Main -> Dating -> (PDF) Interracial Dating: Attitudes and Experience Among American College Students in California

(PDF) Interracial Dating: Attitudes and Experience Among American College Students in California


Important User Information: Remote access to EBSCO's databases is permitted to patrons of subscribing institutions accessing from remote locations for personal, non-commercial use. However, remote access to EBSCO's databases from non-subscribing institutions is not allowed if the purpose of the use is for commercial gain through cost reduction or avoidance for a non-subscribing institution. Source: College Student Journal. Mar, Vol. Abstract: Six-hundred-twenty university students completed an anonymous confidential questionnaire designed to assess attitudes toward interracial dating.

Almost one fourth Blacks, cohabitants, and those with previous interracial dating experience were significantly more likely to express an openness to become involved in an interracial relationship. Implications for university faculty, therapists, and students are suggested.

However, users may print, download, or email articles for individual use. This abstract may be abridged. No warranty is given about the accuracy of the copy. Hierarchical linear modeling analyses were conducted on a 4-year longitudinal sample of undergraduate students from 24 colleges and universities.

Psychol Rep. Dec;87(3 Pt 2) Interracial dating: attitudes and experience among American college students in California. Fiebert MS(1), Karamol.

For Black students there were significant within group differences in intercultural dating based on skin tone. The increase in social affiliations and the potential overlap amongst individuals result in innumerous scenarios.

Additionally, technology gives individuals access to other cultures that they did not previously have. Social Identity: Clarifying its Dimensions across Cultures.

Dec Jennifer Feitosa. Social identity has been linked to a number of work-relevant constructs. Specifically, researchers have investigated the role of social identity in cross-function teams, its impact on team performance and willingness to engage in OCBs, just to name a few. Given the theoretical and empirical importance of this construct, this paper reviews the construct of social identity and theorizes about how this construct may differ across cultures.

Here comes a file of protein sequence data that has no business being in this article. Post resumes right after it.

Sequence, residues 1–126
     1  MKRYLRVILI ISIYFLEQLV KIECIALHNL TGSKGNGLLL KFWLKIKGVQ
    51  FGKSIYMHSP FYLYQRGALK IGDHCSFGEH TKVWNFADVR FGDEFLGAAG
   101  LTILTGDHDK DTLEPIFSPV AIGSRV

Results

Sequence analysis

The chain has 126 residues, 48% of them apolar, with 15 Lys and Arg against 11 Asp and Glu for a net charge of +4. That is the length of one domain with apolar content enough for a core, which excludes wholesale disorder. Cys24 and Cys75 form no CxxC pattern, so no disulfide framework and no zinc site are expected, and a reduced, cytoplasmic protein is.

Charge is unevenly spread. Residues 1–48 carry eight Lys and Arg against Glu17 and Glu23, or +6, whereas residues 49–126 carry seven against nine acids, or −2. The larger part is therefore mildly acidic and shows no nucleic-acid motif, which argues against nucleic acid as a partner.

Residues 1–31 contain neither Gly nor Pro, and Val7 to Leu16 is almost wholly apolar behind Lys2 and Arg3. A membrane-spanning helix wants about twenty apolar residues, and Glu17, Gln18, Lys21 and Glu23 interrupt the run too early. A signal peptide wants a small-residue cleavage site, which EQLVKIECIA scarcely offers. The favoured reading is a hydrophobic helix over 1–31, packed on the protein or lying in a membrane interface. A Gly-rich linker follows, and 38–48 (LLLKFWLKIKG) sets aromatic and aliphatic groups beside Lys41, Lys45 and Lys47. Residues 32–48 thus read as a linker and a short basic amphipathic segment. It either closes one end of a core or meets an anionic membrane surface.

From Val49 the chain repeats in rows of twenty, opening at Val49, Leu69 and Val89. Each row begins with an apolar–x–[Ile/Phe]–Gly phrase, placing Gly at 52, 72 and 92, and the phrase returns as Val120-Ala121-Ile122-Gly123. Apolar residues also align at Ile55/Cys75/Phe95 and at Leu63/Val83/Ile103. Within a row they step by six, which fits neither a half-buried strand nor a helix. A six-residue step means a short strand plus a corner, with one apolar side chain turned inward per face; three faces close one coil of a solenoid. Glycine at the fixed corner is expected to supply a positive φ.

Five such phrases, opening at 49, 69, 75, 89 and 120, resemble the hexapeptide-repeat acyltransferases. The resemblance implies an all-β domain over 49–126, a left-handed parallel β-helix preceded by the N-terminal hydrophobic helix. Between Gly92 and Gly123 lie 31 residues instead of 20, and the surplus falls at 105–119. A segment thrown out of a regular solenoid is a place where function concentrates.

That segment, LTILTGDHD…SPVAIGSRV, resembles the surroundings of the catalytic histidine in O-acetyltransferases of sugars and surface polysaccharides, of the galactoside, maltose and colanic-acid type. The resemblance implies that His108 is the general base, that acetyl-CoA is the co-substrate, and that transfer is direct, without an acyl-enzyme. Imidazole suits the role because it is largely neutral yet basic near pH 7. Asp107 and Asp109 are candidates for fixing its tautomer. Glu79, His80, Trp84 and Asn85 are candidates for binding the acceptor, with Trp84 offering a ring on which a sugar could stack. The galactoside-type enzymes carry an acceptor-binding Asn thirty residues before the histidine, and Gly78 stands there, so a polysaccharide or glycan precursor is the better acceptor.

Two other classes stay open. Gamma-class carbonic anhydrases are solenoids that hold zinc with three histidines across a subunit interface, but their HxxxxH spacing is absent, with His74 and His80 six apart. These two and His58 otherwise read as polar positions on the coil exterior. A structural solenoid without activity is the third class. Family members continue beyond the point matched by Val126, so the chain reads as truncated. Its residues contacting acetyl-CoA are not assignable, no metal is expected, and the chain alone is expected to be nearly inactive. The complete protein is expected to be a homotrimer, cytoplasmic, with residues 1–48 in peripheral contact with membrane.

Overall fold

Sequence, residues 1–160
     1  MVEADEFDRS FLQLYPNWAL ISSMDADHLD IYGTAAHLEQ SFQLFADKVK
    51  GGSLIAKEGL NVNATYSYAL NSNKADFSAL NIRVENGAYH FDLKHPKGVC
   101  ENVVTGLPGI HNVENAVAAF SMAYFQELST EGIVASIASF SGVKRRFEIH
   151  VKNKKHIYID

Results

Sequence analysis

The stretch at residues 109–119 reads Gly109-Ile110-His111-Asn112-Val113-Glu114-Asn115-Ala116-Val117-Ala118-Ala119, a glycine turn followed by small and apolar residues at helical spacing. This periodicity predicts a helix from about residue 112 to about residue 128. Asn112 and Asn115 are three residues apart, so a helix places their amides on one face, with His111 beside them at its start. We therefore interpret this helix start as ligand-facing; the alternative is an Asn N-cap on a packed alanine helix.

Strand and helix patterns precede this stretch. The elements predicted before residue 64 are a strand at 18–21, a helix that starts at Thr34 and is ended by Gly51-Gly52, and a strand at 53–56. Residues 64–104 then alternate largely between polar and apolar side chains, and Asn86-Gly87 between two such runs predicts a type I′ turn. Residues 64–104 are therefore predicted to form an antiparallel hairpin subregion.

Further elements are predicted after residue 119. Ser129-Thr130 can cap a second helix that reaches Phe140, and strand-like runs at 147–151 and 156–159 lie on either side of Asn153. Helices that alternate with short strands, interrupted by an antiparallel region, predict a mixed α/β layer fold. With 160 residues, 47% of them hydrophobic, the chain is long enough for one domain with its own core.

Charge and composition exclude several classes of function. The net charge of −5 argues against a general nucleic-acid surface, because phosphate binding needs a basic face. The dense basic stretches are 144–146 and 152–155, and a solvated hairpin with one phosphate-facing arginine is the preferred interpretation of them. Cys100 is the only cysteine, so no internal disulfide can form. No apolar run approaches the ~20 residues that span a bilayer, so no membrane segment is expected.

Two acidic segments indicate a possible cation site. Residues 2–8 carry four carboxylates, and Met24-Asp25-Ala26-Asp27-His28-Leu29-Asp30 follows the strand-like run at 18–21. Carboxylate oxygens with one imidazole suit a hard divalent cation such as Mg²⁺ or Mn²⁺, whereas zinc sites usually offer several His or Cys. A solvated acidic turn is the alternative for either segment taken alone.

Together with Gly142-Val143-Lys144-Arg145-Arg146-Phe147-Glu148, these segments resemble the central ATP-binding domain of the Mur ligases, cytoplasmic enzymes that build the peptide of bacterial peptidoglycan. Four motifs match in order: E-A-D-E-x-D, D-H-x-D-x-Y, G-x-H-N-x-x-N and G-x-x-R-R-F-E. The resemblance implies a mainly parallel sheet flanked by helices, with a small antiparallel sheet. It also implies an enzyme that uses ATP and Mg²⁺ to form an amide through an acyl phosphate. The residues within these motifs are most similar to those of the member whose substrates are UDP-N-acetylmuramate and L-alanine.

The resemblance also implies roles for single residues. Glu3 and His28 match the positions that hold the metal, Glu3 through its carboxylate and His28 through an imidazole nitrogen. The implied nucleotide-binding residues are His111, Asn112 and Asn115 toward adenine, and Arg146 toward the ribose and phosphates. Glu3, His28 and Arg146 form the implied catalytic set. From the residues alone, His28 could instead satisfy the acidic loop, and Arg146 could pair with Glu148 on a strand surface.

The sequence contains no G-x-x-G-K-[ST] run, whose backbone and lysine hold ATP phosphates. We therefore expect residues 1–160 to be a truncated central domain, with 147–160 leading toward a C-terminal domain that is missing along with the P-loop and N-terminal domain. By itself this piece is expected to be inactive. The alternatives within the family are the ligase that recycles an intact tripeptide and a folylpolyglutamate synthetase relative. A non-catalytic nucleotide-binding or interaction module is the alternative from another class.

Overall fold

First, we review social identity dimensions and propose how they may have different meanings and be perceived differently across cultures. Next, we delineate ways to pursue the measurement of social identity when conducting cross-cultural research. We conclude by providing insight for future research that compares social identity across cultures. Revisiting black sexualities in families: Problems, puzzles, and prospects. Jan Black sexualities within the context of families and relationships span many diff erent fronts.

Their signifi cance and meanings defy any simple defi nition. Researchers, policymakers, and practitioners have focused on Black families, particularly in relation to Black sexualities, yet the attention that diff erent issues receive varies greatly.


While there have been groundbreaking works, such as Hill Collins's Black Sexual Politics, which off ers a critical social theory that emphasizes the importance of intersectionalities of race, gender, and sexuality to understand historical and contemporary Black sexual attitudes and practices, there are still many aspects of Black sexualities and families underresearched, overemphasized, and problematized.

For example, what do we know about Blacks' dating patterns? What explains the Black marriage rate? While previous research provides answers to some of these questions, much of the research takes a problem- centered approach or defi cit perspective, focusing on Black attitudes and behaviors as deviant and in need of explanation or remedy.

Most often, Whites are the standard by which Blacks are usually compared, with White behaviors situated as the universal norm and referent group Moynihan, ; West, Therefore, we survey and discuss research trends in Black sexuality in families and emerging methodological and theoretical approaches, noting what previous research tells us and existing voids. Particular attention will be paid to how gender, sexual orientation, class, and other factors infl uence how we conceptualize and analyze sexuality in relationships and families.

We outline a brief historical overview, followed by a discussion and critique of contemporary research on adolescents, dating, marriage, and nonmarital childbirth and conclude with a discussion of future research.

The effect of resource competition on Blacks' and Asians' social distance using a virtual world methodology.


In this study we used a virtual world to examine the effects of resource competition on dynamic social distance between Blacks and Asians, 1 and both minority groups in relation to a dominant White majority in the U. The literature indicates that Blacks and Asians experience greater social dis-tance from one another relative to each group's social distance towards Whites e.

The Perceptions of College Students About Interracial Relationships

Group threat theory of intergroup relations Blumer, offers one possible explanation for Black and Asian social distance. According to this theory, social distance results when a group with less power Abstract Studies of intergroup social distance have focused primarily on relations between dominant and minority groups, rather than between minority groups.